Presalt took all of the headlines once Petrobras and others figured out its secrets, although it’s still a very challenging environment in which to explore, drill for and produce oil and gas resources. But subsalt has been the bane of the exploration industry’s existence for many decades now.
Why? Three words: Gulf of Mexico (GoM). The GoM is arguably one of the world’s richest hydrocarbon provinces, but it’s darned hard to image. And one of the main problems is something that many people have in shakers on their tables—salt.
Salt is not like sediment. Tectonic forces can squeeze it like toothpaste and form strange subsurface formations that look like mushrooms sprouting thousands of feet below the seafloor. These formations can be imaged by seismic. The problem is the sediments below them often cannot.
Geophysicists have not been unaware of this problem, and they’ve thrown a host of technologies at these salt formations. Recently BP made an important announcement indicating that a relatively new algorithm, full-waveform inversion (FWI), might finally be able to help with the subsalt problem. E&P talked to John Etgen, distinguished adviser for seismic imaging at BP, about the evolution of subsalt imaging that ultimately led to the company discovering 200 MMbbl of additional reserves in its Atlantis Field in the GoM.
E&P: Back in the 1990s prestack depth migration was being touted as the solution to subsalt issues. Can you walk us through the evolution since then?
Etgen: In the early 1990s geophysicists realized they were using processing methods that were just not very accurate for imaging below complex geological overburdens like salt bodies. We generally applied normal moveout correction to the data early in the processing sequence and then summed all the offsets together, and we then treated the data as if they were recorded at zero source-receiver offset. But by 1990 computers were getting fast enough that we did not have to sum the data together before running the imaging step. We could image each offset volume of a 3-D survey separately and then combine and optimize the image. This is a more accurate way of creating images.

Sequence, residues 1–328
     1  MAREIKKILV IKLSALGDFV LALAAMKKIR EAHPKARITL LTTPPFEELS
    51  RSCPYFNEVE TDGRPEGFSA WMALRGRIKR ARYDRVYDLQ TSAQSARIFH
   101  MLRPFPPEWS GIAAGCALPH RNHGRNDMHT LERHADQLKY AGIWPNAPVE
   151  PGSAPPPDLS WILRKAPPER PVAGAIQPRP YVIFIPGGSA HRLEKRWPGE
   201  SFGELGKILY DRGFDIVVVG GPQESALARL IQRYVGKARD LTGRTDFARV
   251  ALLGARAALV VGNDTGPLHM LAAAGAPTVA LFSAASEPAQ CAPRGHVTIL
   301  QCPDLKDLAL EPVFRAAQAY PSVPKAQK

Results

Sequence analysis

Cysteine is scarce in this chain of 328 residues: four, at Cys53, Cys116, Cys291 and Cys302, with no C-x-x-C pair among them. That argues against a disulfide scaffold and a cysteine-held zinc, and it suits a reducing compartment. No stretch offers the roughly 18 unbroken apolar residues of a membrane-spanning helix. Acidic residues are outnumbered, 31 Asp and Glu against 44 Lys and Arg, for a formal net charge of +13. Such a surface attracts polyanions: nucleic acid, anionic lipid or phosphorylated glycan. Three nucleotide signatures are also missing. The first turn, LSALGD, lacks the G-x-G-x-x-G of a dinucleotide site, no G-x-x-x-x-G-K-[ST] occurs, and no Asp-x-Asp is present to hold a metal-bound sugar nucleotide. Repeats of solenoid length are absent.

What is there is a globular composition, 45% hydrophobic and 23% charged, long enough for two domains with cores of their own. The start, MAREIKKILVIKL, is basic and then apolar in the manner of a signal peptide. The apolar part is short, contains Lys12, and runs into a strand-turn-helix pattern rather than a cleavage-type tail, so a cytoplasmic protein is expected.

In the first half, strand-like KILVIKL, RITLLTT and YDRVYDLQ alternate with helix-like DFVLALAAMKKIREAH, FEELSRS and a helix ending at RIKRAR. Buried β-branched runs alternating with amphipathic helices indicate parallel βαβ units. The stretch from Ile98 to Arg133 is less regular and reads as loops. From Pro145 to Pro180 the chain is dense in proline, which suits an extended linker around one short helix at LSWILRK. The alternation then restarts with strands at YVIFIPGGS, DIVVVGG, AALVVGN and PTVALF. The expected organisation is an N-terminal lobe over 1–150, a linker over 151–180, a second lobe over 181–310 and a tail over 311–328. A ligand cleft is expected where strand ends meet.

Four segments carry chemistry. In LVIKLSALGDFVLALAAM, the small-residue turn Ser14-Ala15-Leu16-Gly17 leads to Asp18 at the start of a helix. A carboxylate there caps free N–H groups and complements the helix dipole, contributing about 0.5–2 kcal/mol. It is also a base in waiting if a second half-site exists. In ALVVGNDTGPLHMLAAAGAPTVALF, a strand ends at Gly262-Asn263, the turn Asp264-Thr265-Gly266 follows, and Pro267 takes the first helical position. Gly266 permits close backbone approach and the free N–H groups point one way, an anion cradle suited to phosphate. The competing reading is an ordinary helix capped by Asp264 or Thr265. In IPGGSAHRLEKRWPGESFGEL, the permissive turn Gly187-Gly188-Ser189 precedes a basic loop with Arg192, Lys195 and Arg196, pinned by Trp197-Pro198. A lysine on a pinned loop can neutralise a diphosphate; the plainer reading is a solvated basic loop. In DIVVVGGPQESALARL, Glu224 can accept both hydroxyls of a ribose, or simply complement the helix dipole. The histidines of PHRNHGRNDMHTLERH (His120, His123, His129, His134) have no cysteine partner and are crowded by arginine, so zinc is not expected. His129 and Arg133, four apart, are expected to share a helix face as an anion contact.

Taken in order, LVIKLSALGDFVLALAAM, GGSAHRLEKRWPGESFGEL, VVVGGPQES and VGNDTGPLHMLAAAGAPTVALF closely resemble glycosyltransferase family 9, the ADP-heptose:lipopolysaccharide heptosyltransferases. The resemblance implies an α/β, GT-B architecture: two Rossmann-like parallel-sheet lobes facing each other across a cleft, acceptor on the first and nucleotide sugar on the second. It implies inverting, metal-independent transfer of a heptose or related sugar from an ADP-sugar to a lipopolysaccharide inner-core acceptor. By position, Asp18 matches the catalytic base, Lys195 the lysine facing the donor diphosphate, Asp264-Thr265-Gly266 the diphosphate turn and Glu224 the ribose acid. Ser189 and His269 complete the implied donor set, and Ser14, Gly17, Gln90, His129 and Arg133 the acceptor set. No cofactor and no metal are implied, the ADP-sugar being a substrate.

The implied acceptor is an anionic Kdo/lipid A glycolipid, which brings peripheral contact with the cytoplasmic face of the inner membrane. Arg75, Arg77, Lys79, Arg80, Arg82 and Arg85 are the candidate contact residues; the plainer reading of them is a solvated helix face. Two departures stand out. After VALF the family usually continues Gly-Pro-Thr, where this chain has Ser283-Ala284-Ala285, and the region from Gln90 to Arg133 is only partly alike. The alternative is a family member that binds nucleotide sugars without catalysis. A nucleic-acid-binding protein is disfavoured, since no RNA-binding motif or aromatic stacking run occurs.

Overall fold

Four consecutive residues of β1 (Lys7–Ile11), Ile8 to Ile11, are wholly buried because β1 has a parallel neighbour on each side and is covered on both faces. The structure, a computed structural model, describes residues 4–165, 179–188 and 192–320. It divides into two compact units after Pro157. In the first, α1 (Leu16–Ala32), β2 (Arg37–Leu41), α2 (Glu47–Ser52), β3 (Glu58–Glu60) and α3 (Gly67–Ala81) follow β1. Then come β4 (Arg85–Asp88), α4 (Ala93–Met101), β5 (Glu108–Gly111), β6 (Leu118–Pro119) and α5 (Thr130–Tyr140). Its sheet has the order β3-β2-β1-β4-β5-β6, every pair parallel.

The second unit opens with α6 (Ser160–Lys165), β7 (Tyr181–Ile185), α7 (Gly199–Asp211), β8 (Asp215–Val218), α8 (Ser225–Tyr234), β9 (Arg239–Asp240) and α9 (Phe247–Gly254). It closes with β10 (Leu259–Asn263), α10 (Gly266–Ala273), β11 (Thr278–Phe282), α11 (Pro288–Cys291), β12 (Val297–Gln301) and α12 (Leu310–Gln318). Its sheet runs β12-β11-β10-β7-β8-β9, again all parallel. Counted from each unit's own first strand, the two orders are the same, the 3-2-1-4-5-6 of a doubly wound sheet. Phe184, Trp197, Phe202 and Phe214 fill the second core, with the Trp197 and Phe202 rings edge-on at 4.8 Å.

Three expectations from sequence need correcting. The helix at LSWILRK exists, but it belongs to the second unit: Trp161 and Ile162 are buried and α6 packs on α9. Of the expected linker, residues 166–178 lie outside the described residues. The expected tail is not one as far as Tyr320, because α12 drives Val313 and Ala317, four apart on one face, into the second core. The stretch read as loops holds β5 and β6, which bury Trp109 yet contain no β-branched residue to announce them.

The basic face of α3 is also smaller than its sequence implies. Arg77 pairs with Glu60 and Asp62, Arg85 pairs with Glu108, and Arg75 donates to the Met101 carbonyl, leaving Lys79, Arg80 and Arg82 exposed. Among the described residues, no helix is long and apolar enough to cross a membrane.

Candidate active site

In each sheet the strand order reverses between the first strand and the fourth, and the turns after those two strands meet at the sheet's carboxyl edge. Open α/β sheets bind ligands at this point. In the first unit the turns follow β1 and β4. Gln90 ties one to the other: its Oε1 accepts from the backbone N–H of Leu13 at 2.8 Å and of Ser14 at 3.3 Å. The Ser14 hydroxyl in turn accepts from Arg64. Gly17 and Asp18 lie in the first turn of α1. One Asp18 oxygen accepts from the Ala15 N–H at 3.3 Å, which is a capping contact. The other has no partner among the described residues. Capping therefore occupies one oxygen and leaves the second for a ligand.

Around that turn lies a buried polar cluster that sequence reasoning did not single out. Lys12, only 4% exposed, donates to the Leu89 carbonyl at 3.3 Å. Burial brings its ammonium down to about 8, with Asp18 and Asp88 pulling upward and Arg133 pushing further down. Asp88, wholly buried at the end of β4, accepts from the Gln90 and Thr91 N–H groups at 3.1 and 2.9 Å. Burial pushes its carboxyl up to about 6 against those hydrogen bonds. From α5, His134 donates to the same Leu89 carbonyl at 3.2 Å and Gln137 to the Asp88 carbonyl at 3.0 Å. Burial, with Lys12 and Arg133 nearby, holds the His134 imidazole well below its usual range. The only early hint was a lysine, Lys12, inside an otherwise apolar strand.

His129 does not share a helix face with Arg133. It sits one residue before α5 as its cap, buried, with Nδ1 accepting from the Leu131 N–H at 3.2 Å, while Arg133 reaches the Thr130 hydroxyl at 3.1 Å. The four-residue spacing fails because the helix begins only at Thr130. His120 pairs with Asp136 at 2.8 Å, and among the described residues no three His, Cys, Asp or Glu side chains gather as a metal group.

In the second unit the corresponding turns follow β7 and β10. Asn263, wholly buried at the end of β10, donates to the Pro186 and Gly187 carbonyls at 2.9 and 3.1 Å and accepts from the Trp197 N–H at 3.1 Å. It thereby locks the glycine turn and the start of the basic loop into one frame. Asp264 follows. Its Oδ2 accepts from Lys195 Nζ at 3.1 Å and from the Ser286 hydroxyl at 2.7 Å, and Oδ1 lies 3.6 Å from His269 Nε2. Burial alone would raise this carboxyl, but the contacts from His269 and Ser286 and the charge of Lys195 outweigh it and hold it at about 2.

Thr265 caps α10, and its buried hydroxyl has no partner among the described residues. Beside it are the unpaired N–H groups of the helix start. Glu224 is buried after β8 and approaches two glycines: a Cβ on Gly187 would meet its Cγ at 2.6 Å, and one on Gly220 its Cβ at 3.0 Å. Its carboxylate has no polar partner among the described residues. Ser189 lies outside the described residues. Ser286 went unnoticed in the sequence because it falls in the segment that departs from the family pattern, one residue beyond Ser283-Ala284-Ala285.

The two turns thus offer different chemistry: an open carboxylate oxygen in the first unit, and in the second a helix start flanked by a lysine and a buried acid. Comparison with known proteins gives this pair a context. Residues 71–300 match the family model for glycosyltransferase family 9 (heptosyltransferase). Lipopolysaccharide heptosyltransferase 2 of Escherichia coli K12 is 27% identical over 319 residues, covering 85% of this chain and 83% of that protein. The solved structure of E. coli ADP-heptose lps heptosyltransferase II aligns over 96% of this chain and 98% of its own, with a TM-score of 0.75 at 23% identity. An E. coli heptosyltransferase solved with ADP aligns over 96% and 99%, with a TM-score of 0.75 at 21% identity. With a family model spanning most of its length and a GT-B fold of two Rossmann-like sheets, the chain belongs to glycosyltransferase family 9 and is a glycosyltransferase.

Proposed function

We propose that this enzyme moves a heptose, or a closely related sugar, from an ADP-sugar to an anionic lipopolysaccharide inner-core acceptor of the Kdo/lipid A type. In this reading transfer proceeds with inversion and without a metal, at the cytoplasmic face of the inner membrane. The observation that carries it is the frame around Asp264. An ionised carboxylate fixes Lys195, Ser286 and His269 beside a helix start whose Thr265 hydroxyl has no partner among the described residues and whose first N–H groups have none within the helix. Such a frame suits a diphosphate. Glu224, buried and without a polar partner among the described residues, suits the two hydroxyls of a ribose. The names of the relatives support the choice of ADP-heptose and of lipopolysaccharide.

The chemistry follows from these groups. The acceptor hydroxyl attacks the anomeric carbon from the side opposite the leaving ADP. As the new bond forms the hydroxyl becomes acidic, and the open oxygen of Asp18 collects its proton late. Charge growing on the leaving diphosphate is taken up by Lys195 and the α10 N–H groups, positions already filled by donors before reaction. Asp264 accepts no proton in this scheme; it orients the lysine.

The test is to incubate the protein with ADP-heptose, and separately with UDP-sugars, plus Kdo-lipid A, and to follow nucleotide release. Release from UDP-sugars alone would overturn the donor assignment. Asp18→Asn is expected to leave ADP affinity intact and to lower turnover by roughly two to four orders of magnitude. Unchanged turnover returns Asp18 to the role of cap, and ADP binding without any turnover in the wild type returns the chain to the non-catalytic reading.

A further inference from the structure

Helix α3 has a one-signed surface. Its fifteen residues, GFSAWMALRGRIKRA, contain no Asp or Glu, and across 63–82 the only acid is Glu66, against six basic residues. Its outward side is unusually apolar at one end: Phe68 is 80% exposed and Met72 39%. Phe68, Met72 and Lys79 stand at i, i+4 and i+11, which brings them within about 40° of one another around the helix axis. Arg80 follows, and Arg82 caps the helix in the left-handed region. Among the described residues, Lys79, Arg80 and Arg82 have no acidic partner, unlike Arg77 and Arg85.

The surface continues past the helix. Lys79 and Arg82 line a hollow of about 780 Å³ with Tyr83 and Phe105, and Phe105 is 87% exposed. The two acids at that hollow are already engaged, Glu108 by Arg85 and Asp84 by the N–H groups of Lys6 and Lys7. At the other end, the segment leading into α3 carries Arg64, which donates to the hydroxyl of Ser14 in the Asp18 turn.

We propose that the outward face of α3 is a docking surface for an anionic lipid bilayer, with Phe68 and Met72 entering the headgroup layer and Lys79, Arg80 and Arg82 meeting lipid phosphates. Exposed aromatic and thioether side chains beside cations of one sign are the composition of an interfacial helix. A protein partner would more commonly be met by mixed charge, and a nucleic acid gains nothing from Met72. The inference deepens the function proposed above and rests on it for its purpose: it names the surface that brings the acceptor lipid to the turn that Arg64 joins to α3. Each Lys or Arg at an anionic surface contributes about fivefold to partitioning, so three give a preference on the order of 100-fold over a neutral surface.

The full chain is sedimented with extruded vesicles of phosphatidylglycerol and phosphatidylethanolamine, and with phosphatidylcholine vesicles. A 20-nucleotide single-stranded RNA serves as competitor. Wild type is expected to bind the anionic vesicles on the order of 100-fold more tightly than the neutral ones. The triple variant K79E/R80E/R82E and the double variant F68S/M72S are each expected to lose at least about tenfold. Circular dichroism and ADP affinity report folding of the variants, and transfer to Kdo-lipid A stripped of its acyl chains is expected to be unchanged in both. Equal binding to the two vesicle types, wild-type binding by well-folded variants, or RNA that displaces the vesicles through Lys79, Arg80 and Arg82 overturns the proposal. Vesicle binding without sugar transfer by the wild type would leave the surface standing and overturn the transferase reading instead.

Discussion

For the kinds of salt structures found on the GoM shelf/slope, this worked pretty well. There were a few genuine subsalt discoveries like the Mahogany Field discovered by Amoco, Anadarko and Phillips Petroleum in 1993. But as the ’90s wore on we realized that the ‘model’ of wave propagation being used was not accurate enough for imaging below anything but simple salt bodies, and we began to explore wavefield extrapolation migration methods.
As the 2000s arrived, techniques like reflection tomography and shot record migration were improving images quite a bit. As we got better, though, we began to realize there were several issues still holding us back. Since salt refracts acoustic waves, sometimes severely, there were often substantial differences in what one could image from different datasets that seemed to be connected to the sailing direction of the survey. So we experimented with imaging multiple datasets, each acquired at a different azimuth, to get images.
In addition, it was becoming clear that multiple reflections were causing confusion in these images. There were some processing methods like surface-related multiple elimination that were helping to remove multiple reflections from the data before imaging, and they were a significant advancement.
But as we pressed into more complex areas with even more complex salt bodies, there were still areas that we could not image. We needed advanced modeling/simulation efforts to create and test alternative seismic acquisition designs to see if we were collecting enough data with the existing datasets and, if not, what we might do to collect better datasets; that led to the next big advance.